China News Agency, Washington, May 19 (Reporter Chen Mengtong) U.S. President Biden met the visiting leaders of Finland and Sweden at the White House on the 19th and said that the United States "fully supports" the two countries' joining NATO.

  Finland and Sweden formally submitted their applications to join NATO on the 18th.

However, the two countries' "accession" process is still opposed by NATO member Turkey.

  Speaking in the Rose Garden, Biden noted that new NATO members pose no threat to any country.

The purpose of NATO is defense.

The addition of Finland and Sweden would make NATO stronger.

A strong, united NATO is also the foundation of American national security.

  Biden said his administration will submit a report on Finland and Sweden joining NATO to the U.S. Congress so that Congress can quickly pass the relevant procedures at that time.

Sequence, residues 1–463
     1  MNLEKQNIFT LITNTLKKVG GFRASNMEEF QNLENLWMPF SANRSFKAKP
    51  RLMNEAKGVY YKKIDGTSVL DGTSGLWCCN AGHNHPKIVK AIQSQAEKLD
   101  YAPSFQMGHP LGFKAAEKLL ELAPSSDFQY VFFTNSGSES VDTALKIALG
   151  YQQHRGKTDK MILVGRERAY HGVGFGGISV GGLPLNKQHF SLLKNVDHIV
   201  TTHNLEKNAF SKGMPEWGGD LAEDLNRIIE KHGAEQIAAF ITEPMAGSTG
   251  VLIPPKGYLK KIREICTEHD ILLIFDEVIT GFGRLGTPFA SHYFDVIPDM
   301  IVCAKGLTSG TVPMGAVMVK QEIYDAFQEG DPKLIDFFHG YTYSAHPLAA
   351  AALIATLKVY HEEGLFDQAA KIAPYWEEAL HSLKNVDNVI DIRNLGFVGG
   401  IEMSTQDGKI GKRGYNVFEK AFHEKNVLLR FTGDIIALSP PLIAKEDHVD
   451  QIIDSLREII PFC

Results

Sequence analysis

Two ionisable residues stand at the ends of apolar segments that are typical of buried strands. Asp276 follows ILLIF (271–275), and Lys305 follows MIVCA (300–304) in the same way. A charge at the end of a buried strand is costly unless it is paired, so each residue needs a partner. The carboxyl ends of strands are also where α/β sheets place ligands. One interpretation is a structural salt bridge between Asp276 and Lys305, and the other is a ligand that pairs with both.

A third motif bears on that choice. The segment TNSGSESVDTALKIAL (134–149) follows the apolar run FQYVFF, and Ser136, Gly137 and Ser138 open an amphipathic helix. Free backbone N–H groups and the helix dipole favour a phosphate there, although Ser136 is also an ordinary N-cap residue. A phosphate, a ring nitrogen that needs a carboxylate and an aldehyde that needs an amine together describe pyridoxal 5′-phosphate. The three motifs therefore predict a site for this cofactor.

According to the regulations, NATO must "unanimously agree" to recruit new members.

Turkish President Recep Tayyip Erdogan reiterated on the 19th that Turkey would not allow Finland and Sweden to join NATO.

Turkey has repeatedly stressed that when the two countries seek to join NATO, they must stop supporting the PKK and the "Gulen Movement" and lift restrictions on Turkey's export of defense equipment.

  Finnish President Niinisto said in a speech at the White House that day that Finland "is willing to discuss all concerns with Turkey in an open and constructive manner" and that "we condemn all forms of terrorism and are actively participating in the fight against terrorism."

  Sweden's Prime Minister Andersson said Sweden was also reaching out to Turkey and other NATO members "to resolve any issues".

  NATO is a military-political bloc established in 1949 by the United States to win over some European countries after World War II to contain the Soviet Union.

After its establishment, NATO has been expanded for a total of 8 times, and the number of member countries has increased to 30.

  Russian President Vladimir Putin said on the 16th that Finland and Sweden's accession to NATO does not pose a direct threat to Russia, but the expansion of NATO's military infrastructure on the territory of the two countries will inevitably lead to a response from Russia.

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